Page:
"The so-called supply curve, therefore, is simply a part of the total demand curve...The separating out of this portion of the demand curve and reversing it in the diagram is a process which has its meaning and legitimate function...but it is wholly irrelevant to the determination of the price....It is the single combined curve [total demand] that tells us what the equilibrium will be. The customary representation of cross curves confounds the process by which the price is discovered with the ultimate facts that determine it."

(P.H. Wicksteed, 1914: p.13).

Finally, we should note the equivalent relationships in the converse market for good 2. As the offers of O1 by all agents but the hth are balanced by net demands for good 2, then we can define D 2 = ・/font> k=1H-1 D 2k as the net demand for good x2 by all "other" agents. Offers of good x2 are simply O2h. If we were to draw a similar diagram, we would note that:

e2 - O2h = D2 - D 2

where D2 = ・/font> k=1H x2k is total demand for good 2 and e2 is total endowment of good 2. As each agent is forced by his budget constraint to make expenditures equal to sale values, then p1D 1h = p2O2h for agent h and p1O1 = p2D 2 for the aggregate of all other agents. Putting these together:

p1D 1h - p2O2h + p2D 2 - p1O1

p1(D 1h - O1) + p2(D 2 - O2h) = 0

which writtein in full yields:

p1 ・/font> k=1H(x1h - e1k) + p2 ・/font> k=1H(x2h - e2k) = 0

or simply:

p1(D1 - e1) + p2(D2 - e2) = 0

which is merely Walras's Law. Thus, if there is equilibrium in the market for good x1 (i.e. D1 = e1 or equivalently, D 1h = O1), then necessarily we obtain equilibrium in the market for good x2 (i.e. D2 = e2 or equivalently, D 2 = O2h).

Finally, it might be worth mentioning that one can obtain an excess demand representation from the Wicksteedian demand-and-supply structure. Specifically, we can define Z1 = D1 - e1 as the market excess demand of good x1. This is shown in Figure 3 below. Notice that the excess demand function is merely the regular market demand D1 function we had in Figure 2 with the vartical axis transferred to the endowment line, e1. Otherwise, the Figure 2 and Figure 3 correspond to each other. For instance, at the equilibrium price, (p1/p2)* excess demand is zero, Z1 = 0, implying D1 = e1 as we had at point d in Figure 2. Similarly, when price rises to (p1/p2) , excess demand falls to Z1 = D1 - e1 < 0 which corresponds in Figure 2 to point d . If price falls to (p1/p2) , excess demand is positive, Z1 > 0 (as also implied in Figure 2). Note that when price was at its "maximum", (p1/p2)M, in Figure 2, we said that D1 = 0, which implies in turn that the corresponding Z1 is merely -e1, as shown in Figure 3.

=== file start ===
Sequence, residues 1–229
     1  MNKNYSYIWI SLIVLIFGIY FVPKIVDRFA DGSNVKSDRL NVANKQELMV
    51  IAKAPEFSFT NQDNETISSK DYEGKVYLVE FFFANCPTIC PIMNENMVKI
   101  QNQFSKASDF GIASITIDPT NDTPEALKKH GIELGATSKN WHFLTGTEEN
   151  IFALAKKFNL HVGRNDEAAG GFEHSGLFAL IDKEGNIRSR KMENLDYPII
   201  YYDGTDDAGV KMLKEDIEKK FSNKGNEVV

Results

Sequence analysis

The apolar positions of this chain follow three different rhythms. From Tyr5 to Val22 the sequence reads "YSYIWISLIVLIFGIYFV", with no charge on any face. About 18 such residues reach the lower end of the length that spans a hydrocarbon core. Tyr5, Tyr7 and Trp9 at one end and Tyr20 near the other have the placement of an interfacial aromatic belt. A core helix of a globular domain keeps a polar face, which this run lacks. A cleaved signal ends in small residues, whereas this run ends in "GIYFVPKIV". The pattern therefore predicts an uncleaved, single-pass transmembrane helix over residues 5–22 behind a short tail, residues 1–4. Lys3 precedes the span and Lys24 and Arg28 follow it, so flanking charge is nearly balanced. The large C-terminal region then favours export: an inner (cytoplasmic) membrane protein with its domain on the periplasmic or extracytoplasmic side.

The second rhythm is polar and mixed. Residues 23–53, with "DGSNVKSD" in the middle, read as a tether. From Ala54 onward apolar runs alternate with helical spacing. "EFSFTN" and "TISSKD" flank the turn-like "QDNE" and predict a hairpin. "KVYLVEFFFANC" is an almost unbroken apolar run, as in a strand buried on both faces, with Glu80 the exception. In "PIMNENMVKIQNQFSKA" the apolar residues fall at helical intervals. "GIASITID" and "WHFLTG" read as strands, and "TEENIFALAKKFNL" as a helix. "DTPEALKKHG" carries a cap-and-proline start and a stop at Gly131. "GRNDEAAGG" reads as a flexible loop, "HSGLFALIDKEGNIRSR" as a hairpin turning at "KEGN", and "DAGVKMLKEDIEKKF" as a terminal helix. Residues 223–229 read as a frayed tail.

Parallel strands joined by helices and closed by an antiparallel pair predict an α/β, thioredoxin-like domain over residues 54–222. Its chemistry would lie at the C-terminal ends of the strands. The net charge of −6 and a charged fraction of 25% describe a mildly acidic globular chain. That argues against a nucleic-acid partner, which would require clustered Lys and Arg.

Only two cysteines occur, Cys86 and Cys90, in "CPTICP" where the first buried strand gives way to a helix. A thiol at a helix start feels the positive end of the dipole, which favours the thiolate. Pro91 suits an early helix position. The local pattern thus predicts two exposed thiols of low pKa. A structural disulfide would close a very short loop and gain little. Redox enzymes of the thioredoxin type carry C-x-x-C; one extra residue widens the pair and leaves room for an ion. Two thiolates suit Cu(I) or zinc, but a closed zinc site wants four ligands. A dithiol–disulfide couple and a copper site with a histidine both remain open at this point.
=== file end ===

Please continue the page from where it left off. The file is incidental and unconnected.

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Fig. 3 - Excess Demand Function

In sum, we see that the market excess demand function for good x1 depicted in Figure 3 contains effectively most of the information we had in Figure 2. The only difference is that we cannot differentiate between net demand/offers and total demand in Figure 3. However, it is worthwhile noticing one thing: as we know, in Figure 2, the difference between D1 and e1 is identical to the difference between D 1h and O1. Thus, we could define Z1 = D 1h - O1 without losing a beat, so that excess demands/supplies depicted in Figure 3 could be interpreted as the difference between net market demands and offers of good x1.

(C) Edgeworth-Bowley Box Representation

Walrasian pure exchange equilibrium can also be represented in the famous "Edgeworth-Bowley" box. This diagrammatic representation is originally due to Vilfredo Pareto (1906: p. 138), but the misleading name "Edgeworth-Bowley" has unfortunately become stuck among economists.

The principle is the same as before, albeit for diagrammatic exposition must limit ourselves to two (at best two types) of agents, whom we shall call A and B, and two goods, x1 and x2. Let eA = (e1A, e2A) denote A's endowment of the two goods, and eB = (e1B, e2B) is the B's endowment of the two goods, thus total economy-wide endowment of good x1 is e1 = e1A + e1B and economy-wide endowment of good x2 is e2 = e2A + e2B.